It was announced by her family yesterday that the woman widely considered to be the first celebrity chef, Marguerite Patten died on the 4th June aged 99, "from an illness stoically borne".
She will be remembered for many things but most-notably how she taught the country how to make the most of its rations during World War Two. Hosting her first TV cookery show on the BBC in 1947 Marguerite presented the nation with recipes using powdered egg and tinned spam!
Born Marguerite Brown, in Bath, she first learned to cook for her family, aged 13, after her father died and her mother had to return to work.
She worked as a home economist at the Eastern Electricity Board, as an actress in repertory theatre, and a promoter of the Frigidaire refrigerator brand.
During World War Two, her cookery ideas were broadcast on the BBC radio programme Kitchen Front.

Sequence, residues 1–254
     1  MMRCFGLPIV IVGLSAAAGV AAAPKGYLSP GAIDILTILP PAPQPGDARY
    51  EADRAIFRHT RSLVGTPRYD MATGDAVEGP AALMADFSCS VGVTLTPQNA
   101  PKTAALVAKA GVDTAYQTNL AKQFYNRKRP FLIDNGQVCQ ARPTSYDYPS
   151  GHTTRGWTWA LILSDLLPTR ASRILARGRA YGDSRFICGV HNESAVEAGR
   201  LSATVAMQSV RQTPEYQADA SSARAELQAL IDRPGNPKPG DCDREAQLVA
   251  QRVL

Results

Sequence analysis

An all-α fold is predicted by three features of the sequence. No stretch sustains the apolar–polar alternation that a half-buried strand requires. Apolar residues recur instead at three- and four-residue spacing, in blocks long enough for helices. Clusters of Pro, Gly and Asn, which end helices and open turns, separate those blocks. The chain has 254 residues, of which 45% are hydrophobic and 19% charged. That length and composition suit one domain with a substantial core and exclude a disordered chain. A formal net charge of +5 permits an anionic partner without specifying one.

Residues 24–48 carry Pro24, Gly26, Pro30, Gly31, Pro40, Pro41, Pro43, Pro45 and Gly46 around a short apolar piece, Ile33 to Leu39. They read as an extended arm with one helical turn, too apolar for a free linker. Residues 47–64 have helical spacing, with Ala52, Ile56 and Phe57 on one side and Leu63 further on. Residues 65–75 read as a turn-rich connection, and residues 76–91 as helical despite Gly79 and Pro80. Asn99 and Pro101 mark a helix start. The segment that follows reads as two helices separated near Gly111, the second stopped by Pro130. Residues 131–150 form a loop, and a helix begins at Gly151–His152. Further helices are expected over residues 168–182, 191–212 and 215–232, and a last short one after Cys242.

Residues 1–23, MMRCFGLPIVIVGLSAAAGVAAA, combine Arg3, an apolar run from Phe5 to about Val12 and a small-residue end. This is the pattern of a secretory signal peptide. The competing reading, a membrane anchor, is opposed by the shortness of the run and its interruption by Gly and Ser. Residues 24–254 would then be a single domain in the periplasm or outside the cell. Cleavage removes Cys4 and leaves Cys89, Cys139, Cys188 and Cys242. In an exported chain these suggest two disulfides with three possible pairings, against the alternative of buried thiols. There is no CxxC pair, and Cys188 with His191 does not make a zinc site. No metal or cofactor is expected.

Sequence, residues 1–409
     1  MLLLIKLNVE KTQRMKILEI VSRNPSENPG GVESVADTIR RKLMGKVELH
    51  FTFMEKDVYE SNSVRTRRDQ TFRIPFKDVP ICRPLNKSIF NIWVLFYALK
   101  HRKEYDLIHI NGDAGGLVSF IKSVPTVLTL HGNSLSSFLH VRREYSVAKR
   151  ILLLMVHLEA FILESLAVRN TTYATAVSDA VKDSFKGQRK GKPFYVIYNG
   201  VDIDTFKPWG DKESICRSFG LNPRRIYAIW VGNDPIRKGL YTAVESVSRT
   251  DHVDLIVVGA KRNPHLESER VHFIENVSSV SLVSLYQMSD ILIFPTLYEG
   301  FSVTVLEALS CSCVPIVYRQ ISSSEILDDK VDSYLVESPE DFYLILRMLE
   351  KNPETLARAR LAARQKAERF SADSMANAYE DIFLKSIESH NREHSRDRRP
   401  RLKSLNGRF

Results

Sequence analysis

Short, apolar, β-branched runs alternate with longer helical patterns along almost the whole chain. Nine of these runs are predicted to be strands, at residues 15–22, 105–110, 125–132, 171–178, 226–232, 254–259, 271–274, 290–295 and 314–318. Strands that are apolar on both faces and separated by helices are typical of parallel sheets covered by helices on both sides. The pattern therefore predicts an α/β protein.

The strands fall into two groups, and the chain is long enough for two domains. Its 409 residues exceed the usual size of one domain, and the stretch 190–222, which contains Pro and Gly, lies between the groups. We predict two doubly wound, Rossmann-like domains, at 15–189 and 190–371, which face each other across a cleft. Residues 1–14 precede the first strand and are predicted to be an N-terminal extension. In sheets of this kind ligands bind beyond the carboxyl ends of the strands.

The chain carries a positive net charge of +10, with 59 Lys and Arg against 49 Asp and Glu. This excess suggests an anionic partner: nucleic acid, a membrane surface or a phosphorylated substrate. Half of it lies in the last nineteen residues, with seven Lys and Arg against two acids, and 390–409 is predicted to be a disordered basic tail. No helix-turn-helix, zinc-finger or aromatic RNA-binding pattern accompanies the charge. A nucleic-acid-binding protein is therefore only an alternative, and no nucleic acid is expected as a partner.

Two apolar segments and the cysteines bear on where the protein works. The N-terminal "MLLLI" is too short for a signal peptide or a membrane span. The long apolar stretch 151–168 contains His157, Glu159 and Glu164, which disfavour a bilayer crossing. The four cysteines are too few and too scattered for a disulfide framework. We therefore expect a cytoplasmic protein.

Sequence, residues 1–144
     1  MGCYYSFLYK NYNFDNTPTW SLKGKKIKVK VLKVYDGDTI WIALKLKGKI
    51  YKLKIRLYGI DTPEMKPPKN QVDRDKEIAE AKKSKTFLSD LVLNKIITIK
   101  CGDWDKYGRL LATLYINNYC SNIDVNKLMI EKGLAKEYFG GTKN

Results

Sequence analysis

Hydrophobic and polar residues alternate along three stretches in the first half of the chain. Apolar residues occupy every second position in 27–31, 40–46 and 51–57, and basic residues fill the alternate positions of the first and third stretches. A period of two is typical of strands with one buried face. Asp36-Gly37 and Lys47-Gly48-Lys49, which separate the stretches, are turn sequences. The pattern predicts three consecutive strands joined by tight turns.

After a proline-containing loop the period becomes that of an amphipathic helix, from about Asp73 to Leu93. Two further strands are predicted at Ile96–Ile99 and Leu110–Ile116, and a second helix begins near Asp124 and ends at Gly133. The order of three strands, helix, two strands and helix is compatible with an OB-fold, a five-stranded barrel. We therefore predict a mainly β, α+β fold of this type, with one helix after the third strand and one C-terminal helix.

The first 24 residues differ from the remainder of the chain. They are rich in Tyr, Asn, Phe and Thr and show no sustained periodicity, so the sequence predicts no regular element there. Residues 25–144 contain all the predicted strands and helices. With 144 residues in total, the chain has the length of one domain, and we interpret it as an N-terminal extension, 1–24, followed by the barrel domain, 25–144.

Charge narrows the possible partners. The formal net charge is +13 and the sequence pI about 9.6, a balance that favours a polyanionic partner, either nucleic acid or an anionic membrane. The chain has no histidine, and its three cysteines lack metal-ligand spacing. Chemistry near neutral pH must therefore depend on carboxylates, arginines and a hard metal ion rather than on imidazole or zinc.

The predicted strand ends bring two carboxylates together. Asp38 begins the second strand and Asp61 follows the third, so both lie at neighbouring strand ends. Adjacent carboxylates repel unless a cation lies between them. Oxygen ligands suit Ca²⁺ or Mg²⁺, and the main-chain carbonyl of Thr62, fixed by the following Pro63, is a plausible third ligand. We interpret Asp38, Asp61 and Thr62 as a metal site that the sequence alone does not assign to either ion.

She was a regular contributor to BBC Radio 4's Woman's Hour programme from 1946 and made her final appearance in 2011. She regularly appeared as a guest on both Masterchef and Ready Steady Cook in her later years.
Marguerite famously refused to describe herself as a celebrity chef, telling one interviewer: "I am not.To the day I die, I will be a home economist."
She had countless TV and radio shows and was a cookery writer for Yours magazine for many years. She was awarded an OBE for services to the "art of cookery" in 1991 before becoming a CBE in 2010.
Marguerite suffered a stroke in 2011, which left her unable to speak. Her daughter Judith said she had brought her mother her favourite homemade baked custard almost every day in the four years since her stroke. "Thankfully before she died she had enjoyed one of my better ones with pureed raspberry and pureed baked apple."
Among those to pay tribute to her were two hosts of BBC Woman's Hour, a tribute will be broadcast on the show today.